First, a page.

b) “without being exposed to a plethora of poor art one could not possibly distinguish the so-called good from the heralded bad, right?” a pure vacuum is both impossible and a negative, but you haven’t addressed my point about the bad art worming its way into your…soul… for lack of a better word.

    c) “i dislike coldplay, but honestly i can’t see any particular difference between them and the likes of radiohead or arcade fire. ”

    you have to be kidding me. while i dont have much respect for arcade fire (i think i can safely categorize them as adult contemporary) i do have a a fair bit of respect for radiohead. hell, at least they are trying and don’t writesongs about stars. please.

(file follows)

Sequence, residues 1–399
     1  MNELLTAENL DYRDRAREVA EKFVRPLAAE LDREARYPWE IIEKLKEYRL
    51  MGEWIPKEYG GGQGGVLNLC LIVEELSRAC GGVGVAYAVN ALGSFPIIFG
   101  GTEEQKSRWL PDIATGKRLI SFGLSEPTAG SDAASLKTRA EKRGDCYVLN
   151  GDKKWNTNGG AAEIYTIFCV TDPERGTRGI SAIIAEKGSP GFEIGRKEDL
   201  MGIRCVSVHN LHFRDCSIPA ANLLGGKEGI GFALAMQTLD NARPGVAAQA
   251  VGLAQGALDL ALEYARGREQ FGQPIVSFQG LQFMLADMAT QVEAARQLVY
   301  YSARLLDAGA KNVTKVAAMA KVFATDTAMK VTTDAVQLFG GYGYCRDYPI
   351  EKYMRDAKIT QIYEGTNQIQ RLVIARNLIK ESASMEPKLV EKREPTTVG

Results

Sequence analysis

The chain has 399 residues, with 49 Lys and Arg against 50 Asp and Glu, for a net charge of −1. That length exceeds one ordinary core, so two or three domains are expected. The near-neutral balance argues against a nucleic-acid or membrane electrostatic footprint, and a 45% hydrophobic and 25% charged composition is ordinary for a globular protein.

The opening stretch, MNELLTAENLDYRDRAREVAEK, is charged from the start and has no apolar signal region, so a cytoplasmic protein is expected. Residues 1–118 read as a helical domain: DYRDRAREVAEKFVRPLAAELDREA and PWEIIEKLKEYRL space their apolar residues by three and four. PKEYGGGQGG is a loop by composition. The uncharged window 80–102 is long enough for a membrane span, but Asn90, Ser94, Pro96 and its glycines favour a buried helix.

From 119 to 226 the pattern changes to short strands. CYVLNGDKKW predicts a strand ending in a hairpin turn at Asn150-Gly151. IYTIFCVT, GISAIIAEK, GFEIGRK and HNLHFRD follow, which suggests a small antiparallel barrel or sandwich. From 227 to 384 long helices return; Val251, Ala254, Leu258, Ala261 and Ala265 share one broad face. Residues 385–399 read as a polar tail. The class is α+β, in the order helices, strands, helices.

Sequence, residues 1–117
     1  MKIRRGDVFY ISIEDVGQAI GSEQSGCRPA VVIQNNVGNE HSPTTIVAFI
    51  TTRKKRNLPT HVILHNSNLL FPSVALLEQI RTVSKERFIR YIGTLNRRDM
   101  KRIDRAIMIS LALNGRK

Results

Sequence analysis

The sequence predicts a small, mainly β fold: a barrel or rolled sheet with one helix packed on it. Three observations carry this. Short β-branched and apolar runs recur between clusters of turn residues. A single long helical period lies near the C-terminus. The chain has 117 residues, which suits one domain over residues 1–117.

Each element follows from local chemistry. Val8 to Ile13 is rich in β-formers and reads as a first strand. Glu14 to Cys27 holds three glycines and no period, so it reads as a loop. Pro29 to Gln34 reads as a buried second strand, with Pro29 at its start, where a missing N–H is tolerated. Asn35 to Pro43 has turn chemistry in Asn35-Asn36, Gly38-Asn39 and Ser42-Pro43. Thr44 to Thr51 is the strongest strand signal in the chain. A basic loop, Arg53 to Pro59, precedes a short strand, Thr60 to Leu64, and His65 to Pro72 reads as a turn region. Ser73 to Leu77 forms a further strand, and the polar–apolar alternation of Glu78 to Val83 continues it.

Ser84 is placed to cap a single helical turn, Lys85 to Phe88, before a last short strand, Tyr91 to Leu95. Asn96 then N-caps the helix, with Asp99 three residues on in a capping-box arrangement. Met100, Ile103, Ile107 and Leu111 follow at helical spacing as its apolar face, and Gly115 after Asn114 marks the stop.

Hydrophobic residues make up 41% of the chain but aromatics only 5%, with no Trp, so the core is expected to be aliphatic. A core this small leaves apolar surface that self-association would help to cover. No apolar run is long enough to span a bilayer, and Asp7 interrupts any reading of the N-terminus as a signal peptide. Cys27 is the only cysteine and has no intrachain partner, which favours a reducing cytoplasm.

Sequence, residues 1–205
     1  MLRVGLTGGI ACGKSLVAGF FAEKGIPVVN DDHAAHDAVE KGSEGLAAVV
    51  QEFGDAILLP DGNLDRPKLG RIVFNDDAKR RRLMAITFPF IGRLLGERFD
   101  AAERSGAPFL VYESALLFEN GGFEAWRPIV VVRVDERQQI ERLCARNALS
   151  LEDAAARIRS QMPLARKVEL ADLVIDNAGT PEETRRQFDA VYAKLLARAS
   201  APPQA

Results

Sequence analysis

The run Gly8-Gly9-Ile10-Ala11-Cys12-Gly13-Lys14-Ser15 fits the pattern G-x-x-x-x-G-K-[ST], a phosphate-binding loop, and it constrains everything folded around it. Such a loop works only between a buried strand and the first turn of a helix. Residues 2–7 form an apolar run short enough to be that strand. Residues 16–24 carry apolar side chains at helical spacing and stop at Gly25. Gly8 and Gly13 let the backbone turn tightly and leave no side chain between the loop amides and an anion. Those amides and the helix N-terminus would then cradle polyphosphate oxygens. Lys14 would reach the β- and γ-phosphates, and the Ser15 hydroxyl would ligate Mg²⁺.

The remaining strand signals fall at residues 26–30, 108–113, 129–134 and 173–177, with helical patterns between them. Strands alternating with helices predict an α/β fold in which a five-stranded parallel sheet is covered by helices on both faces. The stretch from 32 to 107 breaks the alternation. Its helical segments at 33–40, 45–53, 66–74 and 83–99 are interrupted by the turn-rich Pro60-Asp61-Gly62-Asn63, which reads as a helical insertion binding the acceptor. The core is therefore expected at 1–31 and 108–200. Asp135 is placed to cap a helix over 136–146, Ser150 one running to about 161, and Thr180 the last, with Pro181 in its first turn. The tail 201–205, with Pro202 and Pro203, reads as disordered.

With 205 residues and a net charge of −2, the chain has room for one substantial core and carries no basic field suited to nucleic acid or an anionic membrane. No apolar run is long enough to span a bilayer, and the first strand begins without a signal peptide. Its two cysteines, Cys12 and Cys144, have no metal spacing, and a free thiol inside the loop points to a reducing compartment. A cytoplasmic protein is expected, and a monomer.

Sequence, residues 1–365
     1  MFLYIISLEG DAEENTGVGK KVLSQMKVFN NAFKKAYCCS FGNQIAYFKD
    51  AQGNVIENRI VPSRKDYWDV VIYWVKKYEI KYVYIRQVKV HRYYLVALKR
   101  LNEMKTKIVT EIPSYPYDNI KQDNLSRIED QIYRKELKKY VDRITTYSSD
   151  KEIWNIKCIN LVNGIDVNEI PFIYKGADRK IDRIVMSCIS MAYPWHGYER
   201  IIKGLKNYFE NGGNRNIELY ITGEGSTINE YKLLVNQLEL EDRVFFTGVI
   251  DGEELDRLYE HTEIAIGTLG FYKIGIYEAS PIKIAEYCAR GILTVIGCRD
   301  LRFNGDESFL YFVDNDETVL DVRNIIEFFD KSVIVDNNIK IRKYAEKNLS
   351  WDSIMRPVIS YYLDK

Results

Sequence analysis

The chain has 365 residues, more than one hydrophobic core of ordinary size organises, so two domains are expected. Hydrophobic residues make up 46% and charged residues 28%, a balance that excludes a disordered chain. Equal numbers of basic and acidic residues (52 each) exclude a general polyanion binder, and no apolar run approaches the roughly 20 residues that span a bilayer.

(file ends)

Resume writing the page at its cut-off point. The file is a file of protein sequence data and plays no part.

“shakespeare, dickens and tolstoy were are all the soap operas of their day.”

    i am sorry, but i cannot accept that. yes, in terms of the events that might take place in shakespeare play or in a dickens or tolstoy novel, that comparison works. but, as word smiths dickens and shakespeare were *fucking brilliant* and cannot be mention in the same breath as another world or general hospital. in other words, everything that makes shakespeare or dickens count has made them enduring – what about coldplay suggests to you they will last other than their current popularity?

  3. sarah Says: